The IP protocol takes the data packets from the higher-level transport layer and divides them into smaller units. Each data packet is then preceded by an IP header.

Together with the IP header, the IP data packet consists of the number of bytes specified under the MTU. The IP protocol on the receiving end takes the IP packets and sets them back to their original state. To do this, the fragmentation data is read from the IP header. The more flag (MF) is used to mark whether an IP packet contains a data segment for a data block. If this flag is set, the IP protocol has to wait until all parts have arrived. If the More flag is not set, the data of the received IP packet is not fragmented or it is the last part of the data block. In addition to the More flag, information on the position of a piece of data is also sent. The fragment offset field in the IP header is used for this.
Once all the data sections have arrived, the data block is put together and transferred to the higher-level protocol.

Fragmentation problems

In principle, each data segment is preceded by an additional IP header. If the MTU changes several times on the way to the destination, the data packet is fragmented anew each time, although it may have already been fragmented. Not only is the fragmentation very time-consuming and computationally expensive, the ratio between header and user data is also becoming increasingly unfavorable. The smaller the MTU, the greater the administrative share of the transmission capacity of a data packet. At some point the IP header eats up the effective transmission capacity of a network connection. In addition, the network connection is vulnerable to small data blocks. The lack of a fragmented IP packet can seriously disrupt a network connection. If an IP packet is lost (e.g. after about 30 to 40 seconds of non-arrival), the entire data block is discarded.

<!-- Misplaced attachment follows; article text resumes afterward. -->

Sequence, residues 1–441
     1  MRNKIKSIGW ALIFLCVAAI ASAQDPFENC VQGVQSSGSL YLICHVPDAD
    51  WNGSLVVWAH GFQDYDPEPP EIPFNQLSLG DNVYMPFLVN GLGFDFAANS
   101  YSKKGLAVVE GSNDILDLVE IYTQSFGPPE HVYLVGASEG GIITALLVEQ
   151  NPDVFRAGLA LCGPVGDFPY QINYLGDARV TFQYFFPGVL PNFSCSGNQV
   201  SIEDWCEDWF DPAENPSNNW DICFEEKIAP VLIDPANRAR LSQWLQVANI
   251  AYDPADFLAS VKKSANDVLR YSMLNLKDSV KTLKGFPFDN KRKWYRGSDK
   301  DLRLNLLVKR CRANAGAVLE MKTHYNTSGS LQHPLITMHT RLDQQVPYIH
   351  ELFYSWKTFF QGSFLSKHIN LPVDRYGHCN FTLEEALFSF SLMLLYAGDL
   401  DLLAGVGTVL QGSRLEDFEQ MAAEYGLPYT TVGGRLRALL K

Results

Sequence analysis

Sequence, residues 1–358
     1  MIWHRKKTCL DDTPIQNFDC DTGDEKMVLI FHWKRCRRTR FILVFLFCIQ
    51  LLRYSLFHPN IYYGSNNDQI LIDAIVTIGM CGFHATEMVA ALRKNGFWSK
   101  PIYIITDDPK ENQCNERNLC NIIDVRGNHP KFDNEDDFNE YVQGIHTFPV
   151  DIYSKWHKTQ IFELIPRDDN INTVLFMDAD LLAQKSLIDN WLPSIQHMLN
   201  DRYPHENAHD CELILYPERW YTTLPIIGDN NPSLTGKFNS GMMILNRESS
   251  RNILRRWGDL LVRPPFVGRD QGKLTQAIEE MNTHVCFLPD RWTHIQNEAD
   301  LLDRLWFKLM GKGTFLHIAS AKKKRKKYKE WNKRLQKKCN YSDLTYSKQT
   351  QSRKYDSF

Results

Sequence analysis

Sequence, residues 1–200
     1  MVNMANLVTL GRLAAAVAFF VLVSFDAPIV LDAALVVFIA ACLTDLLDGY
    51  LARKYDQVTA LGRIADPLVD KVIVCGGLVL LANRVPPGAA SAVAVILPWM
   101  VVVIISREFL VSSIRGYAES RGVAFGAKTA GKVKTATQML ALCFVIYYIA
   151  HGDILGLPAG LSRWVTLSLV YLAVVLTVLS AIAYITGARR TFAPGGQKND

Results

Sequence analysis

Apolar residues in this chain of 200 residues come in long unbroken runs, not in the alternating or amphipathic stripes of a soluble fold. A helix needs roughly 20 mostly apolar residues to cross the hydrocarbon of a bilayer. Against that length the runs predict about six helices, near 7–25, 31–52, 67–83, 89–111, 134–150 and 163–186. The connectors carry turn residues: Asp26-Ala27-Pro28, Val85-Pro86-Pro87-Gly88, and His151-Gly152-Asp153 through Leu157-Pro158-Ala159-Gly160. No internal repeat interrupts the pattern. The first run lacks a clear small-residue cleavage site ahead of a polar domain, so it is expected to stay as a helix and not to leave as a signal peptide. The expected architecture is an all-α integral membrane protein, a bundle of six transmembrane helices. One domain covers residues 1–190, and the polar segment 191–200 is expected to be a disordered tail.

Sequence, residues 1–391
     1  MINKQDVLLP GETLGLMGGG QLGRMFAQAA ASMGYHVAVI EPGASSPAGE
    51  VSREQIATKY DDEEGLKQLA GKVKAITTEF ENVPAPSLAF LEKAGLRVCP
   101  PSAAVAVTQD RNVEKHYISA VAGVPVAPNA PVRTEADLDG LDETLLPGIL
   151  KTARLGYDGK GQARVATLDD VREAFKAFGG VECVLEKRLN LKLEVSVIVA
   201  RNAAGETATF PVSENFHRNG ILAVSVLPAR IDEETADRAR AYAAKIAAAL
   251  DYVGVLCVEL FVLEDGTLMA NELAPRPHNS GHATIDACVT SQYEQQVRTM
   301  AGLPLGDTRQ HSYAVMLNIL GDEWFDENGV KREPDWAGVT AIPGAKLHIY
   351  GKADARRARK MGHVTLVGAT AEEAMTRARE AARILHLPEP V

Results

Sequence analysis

Problem: A certain server cannot be reached

A certain server cannot be reached via a DSL connection. Assuming there are no problems with DNS and the server is actually connected to the network, then the problem may have something to do with the Maximum Transfer Unit (MTU).

The reason: With DSL (connection via DSL modem with PPPoE) the MTU is limited to 1,492 bytes. However, the PC sees the local network via Ethernet with an MTU of 1,500 bytes. This MTU is used to calculate the maximum segment size (MSS) for the data packets, which is also communicated to the remote server. It can happen that the remote server sends packets that are too large for the PPPoE connection. Since almost all transmission systems prevent fragmentation (DF bit in the IP header), the routers report via ICMP on the way to the sender that the packet was too large. On the target server, however, an incorrectly configured firewall is preventing the server from receiving the ICMP message. And that's why he always tries to send packages that are too large. But unfortunately the firewall prevents communication via ICMP. Of course, a connection is never established in this way.